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Last active Aug 26, 2017
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On the MOTD

An interesting (IMHO) historical tidbit:

Way back in the good old days, when Unix and it's contemporaries were actually used as mainframe-class multiuser timesharing systems, a facility to inform users of news and updates was a basic necessity, rather than these days, where it has apparently degenerated into another revenue source, used for spamming you with advertisements delivered through ill-conceived MOTDaaS (MOTD-as-a-Service) channels.

It seems the first system to have a standard and well-thought-out MOTD system shipped by default, was, of course, Multics - the ancestor of most good ideas in use today. Here is the info page for the print_motd facility:

:Info: print_motd: pmotd:  03/17/87  print_motd, pmotd

Syntax as a command:  pmotd {control arguments}

Function:  prints out changes to the message of the day.  The default is
to print changes to the system and user_project message_of_the_day
segments since the last time the command was called.

Control arguments:
-all_text, -all, -a
   specifies that the entire contents of the system and/or project
   message_of_the_day segment be displayed, regardless of
   whether or not any of the messages in the segment have been
   previously seen.

-current_project, -cpj
   prints lines from the message_of_the_day segment for the project
   on which the user is logged in.  If the project administrator has
   not created a message for your project, nothing is printed.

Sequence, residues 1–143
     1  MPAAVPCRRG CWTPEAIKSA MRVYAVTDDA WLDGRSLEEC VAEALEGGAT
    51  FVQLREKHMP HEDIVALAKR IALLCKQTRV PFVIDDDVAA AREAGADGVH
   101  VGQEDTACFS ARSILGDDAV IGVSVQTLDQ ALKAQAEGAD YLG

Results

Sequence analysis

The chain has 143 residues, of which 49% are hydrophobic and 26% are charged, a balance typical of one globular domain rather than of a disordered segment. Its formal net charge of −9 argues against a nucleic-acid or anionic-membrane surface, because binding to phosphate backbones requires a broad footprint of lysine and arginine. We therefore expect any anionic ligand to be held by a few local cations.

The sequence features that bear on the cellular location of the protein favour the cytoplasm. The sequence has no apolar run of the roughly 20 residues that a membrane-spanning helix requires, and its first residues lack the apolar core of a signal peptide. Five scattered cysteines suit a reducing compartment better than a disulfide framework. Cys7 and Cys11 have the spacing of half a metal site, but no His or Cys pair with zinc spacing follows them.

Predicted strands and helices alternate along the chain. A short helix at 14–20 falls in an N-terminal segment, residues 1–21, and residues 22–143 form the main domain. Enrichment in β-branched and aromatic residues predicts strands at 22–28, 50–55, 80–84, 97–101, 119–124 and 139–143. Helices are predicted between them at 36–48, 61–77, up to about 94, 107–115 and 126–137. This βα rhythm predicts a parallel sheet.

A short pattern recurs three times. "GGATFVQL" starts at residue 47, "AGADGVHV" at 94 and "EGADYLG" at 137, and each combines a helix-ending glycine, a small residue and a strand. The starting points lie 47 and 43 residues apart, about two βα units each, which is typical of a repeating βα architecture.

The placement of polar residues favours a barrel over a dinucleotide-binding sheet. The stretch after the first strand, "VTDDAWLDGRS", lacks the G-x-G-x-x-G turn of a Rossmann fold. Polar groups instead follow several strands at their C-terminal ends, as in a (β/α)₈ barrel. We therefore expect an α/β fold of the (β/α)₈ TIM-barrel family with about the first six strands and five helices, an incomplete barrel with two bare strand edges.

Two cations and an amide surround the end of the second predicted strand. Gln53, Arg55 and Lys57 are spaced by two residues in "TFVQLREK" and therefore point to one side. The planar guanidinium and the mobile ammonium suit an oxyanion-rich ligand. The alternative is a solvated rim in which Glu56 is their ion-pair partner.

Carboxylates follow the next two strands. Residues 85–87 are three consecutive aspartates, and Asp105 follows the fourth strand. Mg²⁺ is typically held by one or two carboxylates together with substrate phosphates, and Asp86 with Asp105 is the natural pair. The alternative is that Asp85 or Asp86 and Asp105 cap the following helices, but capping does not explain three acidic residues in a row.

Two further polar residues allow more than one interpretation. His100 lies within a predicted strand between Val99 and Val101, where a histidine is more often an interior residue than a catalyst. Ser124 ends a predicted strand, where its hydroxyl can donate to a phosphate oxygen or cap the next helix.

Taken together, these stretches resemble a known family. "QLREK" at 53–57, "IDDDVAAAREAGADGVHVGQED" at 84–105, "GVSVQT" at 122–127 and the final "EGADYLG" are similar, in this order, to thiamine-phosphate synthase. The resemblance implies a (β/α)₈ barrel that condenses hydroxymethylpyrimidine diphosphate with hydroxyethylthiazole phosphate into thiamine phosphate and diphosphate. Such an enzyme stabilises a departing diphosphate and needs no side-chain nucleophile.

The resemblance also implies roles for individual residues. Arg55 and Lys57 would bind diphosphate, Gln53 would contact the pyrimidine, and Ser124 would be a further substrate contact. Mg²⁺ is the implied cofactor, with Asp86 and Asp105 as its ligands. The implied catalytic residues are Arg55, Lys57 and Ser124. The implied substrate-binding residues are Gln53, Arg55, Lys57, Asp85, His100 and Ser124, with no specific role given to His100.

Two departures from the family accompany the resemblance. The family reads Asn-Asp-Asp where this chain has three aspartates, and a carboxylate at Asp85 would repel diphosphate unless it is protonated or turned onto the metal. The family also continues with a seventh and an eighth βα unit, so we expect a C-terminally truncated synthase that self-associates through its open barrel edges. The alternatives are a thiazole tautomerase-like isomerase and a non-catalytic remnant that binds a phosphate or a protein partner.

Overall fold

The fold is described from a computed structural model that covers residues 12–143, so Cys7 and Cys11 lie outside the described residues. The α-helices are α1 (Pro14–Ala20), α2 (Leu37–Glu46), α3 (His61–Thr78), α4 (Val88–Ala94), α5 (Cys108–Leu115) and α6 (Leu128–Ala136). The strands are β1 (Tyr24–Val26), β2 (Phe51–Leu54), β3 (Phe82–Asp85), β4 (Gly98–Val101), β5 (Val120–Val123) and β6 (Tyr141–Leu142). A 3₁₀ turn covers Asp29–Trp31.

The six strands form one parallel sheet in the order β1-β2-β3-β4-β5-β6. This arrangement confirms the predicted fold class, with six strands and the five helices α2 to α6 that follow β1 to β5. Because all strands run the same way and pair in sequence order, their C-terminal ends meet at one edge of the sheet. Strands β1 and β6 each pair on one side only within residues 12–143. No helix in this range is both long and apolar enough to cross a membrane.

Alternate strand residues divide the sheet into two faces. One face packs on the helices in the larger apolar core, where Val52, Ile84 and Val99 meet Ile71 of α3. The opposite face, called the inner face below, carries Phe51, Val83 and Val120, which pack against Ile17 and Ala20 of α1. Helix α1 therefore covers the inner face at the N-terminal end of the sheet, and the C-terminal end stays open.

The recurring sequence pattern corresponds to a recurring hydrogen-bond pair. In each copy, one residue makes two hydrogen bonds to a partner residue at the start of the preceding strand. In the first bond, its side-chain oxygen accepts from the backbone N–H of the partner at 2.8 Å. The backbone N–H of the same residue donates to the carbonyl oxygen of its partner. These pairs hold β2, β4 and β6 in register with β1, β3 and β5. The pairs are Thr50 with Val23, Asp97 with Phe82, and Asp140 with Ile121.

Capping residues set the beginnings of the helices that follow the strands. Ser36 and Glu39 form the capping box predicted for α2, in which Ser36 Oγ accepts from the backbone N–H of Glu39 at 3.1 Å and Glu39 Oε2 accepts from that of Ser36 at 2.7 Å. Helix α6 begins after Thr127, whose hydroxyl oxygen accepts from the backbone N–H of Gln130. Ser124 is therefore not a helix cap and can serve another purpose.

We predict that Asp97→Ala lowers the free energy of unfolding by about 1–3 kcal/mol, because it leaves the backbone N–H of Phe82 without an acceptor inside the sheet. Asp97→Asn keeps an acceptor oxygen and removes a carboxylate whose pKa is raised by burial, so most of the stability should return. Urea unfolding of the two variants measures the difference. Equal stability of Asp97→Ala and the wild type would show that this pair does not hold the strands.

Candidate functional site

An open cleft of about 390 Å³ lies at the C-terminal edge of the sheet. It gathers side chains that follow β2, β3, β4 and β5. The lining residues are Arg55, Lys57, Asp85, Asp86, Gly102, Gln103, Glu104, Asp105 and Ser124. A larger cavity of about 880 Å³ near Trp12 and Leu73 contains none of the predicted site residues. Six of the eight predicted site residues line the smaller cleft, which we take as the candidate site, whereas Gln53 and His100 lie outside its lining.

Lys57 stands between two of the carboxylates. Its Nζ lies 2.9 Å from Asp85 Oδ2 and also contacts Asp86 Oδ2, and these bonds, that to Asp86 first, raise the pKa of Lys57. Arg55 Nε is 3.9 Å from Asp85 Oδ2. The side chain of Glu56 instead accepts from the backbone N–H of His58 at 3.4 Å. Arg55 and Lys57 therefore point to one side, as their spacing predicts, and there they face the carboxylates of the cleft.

-new_text, -new
   specifies that only unseen messages in the system and/or project
   message_of_the_day segment will be displayed. (default)

-project projects, -pj projects
   prints new or changed lines in the message_of_the_day segments for
   the named projects.  A warning is printed if there is no message
   for one or more of the projects.
-system, -sys
   prints lines from the message of the day segment created by the
   system administrator.  (default)

Notes:  If -system, -current_project and -project are not specified,
then print_motd prints lines from the system message and from the message
for the current project.  If one or more of these arguments are given,
then print_motd prints lines only from those messages.

For comparison purposes, copies of both the system and project motds are
stored in the user's default value segment.  print_motd will create the
value segment if necessary.  The project motds have the name
project_motd.PROJECT._ where PROJECT is the default user project or a
project specified by the -project control argument.  Project motds will 
be created by a project administrator and placed in the project directory
with the name >udd>PROJECT>PROJECT.motd with an addname of

The first time that print_motd is used for a specific project, it will
print the entire contents of the message of the day segment.  Subsequent
uses will default to print those lines which have been modified or added
to the message of the day since the last use of the command unless the user
specifies the -all_text control argument.  Since a copy of each motd
segment is stored in the user's value segment, project administrators 
should keep the size of the project motd segments to a minimum by deleting
older messages as they expire.